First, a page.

Swimming can be a great physical outlet and life-saving skill for children with autism spectrum disorders.
In addition to promoting health, swimming reduces stereotypic behaviors and increases social behaviors of some children facing these challenges.
A swimming and water safety program for children ages 4 to 17 with autism spectrum disorders
Partnering with Autism Speaks, the KU Department of Occupational Therapy Education developed the Sensory Enhanced Aquatics program to teach swimming and water safety to children with autism spectrum disorders.
To promote successful learning, instructors combine evidence-based teaching methods with sensory strategies matched to the unique needs of each child. Each session consists of eight, 30-minute lessons. Individual and small group lessons are available to meet the learning needs of children.
When does registration open for this program?
Summer session registration opens in mid-May
Fall session registration opens in late July
Spring session registration opens in early December
For information about program costs, location, scheduling and more, contact KUsea@kumc.edu.
Swim Instructors and Volunteers
Above: Through a grant, the KU Department of Occupational Therapy Education has developed a program that teaches children with autism how to swim. Watch video
Lisa Mische Lawson, Ph.D., CTRS, is director of the Sensory Enhanced Aquatics program and is a certified therapeutic recreation specialist. She has more than 20 years of experience in developing and managing recreation programs for individuals with disabilities.
Lauren Foster, OTD, OTR/L, clinical assistant professor, developed Sensory Enhanced Aquatics with Mische Lawson and continues to support the program remotely from Florida. Foster swam competitively from grade school through college and has coached all levels of swimmers.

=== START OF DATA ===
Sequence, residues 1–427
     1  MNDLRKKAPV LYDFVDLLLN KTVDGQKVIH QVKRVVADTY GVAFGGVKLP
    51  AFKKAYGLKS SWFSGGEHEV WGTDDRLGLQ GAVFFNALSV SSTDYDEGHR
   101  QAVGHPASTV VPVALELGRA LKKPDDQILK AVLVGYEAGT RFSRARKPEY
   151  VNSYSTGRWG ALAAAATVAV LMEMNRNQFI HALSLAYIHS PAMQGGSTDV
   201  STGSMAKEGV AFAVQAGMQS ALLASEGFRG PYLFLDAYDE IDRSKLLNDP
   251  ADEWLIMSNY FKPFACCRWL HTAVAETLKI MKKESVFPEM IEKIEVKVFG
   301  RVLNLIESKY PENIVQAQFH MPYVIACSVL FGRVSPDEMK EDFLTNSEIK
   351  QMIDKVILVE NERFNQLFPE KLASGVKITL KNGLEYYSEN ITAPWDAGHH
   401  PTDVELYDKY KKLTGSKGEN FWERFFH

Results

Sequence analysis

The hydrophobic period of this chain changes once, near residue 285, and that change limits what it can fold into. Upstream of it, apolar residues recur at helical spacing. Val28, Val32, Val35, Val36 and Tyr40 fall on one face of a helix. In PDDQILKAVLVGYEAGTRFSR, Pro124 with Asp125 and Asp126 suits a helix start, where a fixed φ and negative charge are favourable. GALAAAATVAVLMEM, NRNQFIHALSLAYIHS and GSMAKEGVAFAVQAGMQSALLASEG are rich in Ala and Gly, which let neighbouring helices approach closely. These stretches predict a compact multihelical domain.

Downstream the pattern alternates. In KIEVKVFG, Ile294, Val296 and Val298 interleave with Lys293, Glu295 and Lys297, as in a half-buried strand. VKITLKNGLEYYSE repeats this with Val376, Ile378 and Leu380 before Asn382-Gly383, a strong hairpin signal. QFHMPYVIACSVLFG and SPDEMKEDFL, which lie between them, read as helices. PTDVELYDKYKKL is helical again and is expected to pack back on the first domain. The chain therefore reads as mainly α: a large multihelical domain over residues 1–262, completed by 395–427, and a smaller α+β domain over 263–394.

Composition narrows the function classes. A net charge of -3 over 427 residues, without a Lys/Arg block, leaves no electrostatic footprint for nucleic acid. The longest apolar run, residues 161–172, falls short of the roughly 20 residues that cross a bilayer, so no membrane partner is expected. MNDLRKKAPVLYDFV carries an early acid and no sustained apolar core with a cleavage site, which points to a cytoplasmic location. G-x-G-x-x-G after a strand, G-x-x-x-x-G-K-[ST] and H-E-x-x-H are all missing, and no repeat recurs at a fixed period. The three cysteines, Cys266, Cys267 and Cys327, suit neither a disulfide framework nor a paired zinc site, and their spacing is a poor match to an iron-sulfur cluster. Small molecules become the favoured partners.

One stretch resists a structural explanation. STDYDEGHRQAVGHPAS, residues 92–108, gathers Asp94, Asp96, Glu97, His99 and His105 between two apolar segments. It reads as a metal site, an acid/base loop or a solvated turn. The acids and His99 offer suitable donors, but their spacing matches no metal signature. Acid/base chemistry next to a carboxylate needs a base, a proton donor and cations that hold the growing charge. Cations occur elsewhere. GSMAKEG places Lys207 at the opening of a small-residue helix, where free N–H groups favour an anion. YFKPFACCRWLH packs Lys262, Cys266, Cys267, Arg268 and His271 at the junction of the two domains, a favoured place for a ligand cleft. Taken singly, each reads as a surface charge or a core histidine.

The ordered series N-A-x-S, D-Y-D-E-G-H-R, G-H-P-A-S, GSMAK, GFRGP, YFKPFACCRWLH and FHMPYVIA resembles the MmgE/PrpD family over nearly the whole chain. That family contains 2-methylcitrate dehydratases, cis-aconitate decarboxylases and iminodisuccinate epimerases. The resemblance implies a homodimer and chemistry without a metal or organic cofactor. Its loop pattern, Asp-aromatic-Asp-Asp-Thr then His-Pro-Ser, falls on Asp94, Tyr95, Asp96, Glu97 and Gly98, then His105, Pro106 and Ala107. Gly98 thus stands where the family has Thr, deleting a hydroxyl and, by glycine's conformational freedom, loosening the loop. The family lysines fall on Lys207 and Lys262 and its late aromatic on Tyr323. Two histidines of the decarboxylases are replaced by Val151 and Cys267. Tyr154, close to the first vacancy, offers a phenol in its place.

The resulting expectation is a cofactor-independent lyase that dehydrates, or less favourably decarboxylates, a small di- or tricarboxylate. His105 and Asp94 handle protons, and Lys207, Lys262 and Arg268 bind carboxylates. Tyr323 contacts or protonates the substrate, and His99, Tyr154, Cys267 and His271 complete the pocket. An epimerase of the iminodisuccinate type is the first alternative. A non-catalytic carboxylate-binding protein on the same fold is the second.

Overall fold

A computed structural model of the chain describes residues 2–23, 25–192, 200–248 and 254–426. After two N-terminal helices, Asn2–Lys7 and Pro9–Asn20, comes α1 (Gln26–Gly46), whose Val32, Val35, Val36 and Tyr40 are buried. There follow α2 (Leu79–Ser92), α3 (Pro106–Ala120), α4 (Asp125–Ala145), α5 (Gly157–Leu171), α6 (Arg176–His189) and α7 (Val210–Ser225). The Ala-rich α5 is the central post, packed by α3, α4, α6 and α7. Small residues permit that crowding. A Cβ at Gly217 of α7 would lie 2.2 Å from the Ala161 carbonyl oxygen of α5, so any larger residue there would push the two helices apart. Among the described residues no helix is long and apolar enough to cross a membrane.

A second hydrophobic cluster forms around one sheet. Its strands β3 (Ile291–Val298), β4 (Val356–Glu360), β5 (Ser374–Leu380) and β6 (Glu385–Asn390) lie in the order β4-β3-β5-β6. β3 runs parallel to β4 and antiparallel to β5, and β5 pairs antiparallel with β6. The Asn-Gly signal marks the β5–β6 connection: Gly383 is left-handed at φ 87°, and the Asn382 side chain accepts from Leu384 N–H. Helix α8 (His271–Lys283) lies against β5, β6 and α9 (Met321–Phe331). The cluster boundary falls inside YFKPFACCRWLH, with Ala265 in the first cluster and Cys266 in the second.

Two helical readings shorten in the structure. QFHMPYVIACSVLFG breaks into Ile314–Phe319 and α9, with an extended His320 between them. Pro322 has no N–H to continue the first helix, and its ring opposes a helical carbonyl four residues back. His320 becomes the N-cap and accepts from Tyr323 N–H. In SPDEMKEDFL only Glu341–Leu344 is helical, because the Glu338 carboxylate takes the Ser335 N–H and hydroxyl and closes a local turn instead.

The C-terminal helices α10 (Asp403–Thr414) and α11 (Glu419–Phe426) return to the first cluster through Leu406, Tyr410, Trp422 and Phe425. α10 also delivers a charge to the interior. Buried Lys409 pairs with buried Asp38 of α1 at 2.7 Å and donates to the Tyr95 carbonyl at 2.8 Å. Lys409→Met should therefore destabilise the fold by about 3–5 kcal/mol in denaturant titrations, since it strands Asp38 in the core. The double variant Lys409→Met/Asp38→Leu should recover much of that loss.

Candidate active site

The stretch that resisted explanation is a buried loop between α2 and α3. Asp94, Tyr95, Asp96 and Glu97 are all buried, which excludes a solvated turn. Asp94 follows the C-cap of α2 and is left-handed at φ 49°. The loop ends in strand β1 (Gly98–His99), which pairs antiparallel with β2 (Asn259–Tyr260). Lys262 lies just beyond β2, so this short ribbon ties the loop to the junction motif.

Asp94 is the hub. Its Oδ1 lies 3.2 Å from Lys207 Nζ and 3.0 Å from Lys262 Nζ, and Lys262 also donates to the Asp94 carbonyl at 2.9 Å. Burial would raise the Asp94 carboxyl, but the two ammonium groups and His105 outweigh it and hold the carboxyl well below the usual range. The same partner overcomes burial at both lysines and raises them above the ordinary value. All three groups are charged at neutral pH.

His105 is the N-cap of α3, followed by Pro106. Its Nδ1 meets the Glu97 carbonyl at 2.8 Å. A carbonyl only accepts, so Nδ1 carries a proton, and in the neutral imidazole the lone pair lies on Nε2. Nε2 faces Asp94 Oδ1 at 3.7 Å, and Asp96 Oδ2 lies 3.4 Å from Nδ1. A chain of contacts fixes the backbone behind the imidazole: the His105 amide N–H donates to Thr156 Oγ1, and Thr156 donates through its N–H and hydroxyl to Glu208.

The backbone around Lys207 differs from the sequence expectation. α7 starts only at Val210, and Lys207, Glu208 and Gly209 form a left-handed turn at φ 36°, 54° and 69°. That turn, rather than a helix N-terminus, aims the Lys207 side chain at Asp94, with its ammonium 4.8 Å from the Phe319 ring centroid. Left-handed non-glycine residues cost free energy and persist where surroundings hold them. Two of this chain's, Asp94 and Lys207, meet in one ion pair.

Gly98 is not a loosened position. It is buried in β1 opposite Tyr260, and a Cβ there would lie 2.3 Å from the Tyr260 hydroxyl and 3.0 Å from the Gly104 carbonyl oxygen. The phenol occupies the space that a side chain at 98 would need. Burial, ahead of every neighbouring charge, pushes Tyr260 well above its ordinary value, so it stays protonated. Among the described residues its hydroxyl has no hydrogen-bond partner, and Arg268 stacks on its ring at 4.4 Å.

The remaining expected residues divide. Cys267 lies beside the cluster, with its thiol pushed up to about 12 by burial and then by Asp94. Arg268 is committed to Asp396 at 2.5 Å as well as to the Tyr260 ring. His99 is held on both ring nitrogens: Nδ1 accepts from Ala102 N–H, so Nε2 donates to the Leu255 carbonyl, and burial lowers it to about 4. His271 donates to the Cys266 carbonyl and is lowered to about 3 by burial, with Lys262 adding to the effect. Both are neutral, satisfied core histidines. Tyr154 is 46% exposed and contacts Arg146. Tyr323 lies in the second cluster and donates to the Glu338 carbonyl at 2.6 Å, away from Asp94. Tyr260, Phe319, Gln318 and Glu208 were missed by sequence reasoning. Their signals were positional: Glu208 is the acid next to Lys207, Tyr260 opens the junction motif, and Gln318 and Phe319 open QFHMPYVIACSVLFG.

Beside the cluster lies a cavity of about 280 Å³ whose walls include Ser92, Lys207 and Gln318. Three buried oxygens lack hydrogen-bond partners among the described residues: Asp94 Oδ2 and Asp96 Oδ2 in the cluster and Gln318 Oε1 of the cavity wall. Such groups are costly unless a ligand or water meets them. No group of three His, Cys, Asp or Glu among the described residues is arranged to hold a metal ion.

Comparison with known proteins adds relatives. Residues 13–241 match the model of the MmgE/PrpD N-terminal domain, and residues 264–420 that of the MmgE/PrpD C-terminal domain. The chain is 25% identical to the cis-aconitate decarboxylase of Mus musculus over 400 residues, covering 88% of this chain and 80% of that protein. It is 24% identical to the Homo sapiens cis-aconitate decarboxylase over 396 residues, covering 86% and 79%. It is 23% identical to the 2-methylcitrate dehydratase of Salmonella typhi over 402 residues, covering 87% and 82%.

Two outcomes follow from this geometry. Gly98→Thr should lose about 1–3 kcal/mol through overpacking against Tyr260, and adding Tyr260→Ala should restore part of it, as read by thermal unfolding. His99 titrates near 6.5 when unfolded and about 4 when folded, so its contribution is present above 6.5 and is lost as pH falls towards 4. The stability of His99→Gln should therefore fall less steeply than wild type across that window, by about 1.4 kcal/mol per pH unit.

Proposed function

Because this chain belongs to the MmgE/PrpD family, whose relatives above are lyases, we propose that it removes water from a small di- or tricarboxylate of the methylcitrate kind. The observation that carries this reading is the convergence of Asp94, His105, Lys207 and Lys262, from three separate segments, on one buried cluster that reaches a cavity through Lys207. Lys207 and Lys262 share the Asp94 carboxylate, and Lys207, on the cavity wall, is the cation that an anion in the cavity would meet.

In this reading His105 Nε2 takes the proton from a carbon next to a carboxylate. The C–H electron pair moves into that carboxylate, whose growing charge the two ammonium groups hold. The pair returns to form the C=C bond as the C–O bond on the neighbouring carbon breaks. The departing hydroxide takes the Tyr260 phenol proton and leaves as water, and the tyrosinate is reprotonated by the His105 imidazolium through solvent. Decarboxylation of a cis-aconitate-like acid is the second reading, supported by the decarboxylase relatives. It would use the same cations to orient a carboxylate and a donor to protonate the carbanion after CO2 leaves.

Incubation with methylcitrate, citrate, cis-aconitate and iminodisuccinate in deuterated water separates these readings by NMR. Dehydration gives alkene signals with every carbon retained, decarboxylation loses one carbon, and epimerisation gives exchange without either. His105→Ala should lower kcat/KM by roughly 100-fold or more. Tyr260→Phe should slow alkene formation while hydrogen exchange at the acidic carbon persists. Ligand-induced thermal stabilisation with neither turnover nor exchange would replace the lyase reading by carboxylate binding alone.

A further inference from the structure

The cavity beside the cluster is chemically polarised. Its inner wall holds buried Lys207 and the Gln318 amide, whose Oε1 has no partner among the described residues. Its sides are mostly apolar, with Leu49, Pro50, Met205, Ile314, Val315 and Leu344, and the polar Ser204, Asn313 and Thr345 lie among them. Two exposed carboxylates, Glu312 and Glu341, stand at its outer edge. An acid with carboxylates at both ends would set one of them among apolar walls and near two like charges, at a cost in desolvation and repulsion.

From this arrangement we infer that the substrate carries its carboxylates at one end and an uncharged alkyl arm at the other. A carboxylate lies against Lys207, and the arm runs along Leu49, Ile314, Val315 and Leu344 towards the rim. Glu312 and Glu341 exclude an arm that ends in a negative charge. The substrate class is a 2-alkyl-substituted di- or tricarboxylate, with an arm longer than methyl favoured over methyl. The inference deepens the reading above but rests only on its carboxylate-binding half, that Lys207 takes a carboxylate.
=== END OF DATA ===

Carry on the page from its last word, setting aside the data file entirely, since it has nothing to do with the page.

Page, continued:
Mady Priebe, OTR/L, and Kelsey Sponsel, OTR/L, are Sensory Enhanced Aquatics managers. Both started as swim instructors during their occupational therapy education and now train and provide on-deck support to Sensory Enhanced Aquatics instructors.
Kayla Hamner, graduate research assistant.
Natalie Kivlin, graduate teaching assistant.
Jaime Skultety, staff.
Interested in becoming a swim instructor? Please contact the program at KUsea@kumc.edu.
Mische Lawson, L. D'Adamo, J., Campbell, K., Hermreck, B., Holz, S., Moxley, J., Nance, K., Nolla, M., & Travis, A. (2019). A qualitative investigation of swimming experiences of children with autism spectrum disorders and their families. Clinical Medicine Insights: Pediatrics, 13, 1-9. https://doi.org/10.1177%2F1179556519872214.
Mische Lawson, L. & Lisk, C. (2019). Feasibility Study of Perceived Exertion and Heart Rate of Children with ASD during Swimming. American Journal of Recreational Therapy, 18, (2), 29-37.
Mische Lawson, L. (2014, June). Supporting Children with Autism Spectrum Disorders in Swimming and Recreation. American Therapeutic Recreation Association Webinar Series H: Autism I. Available for purcahse at ATRA-online.org.
Mische Lawson, L., Foster, L., Strode, M., & Weller, C. (2014). Effects of a swim program for children with autism spectrum disorder on skills, interest, and participation in swimming. American Journal of Recreational Therapy, (3)2, 17-27.
Foster, L., Cox, J., & Mische-Lawson, L.; Englert Shutrump, S.; and Lutman, A. (2014), Staying in sight: Addressing children’s mental health and safety. OT Practice, 19(6), 8–13. http://dx.doi.org/10.7138/otp.2014.196f1 (I)
Mische Lawson, L., Cox, J., & Foster, L. (2013). Swimming as a physical activity for children with autism spectrum disorders. Exceptional parent, 43(3).
Franken, L., Mische Lawson, L., & Santalucia, S. (2013, April). Aquatics: Promoting quality of life, health and wellness. OT Practice. 16-21.
Feb 06, 2020
Hoping to reach more families, KU is looking to develop an instructor training program for Sensory Enhanced Aquatics. Help by donating online using the "Department of Occupational Therapy" designation. Please include "Sensory Enhanced Aquatics" in the special instructions field. Make a gift today!
KU's sensory supported swimming program serves its 100th student. Read more.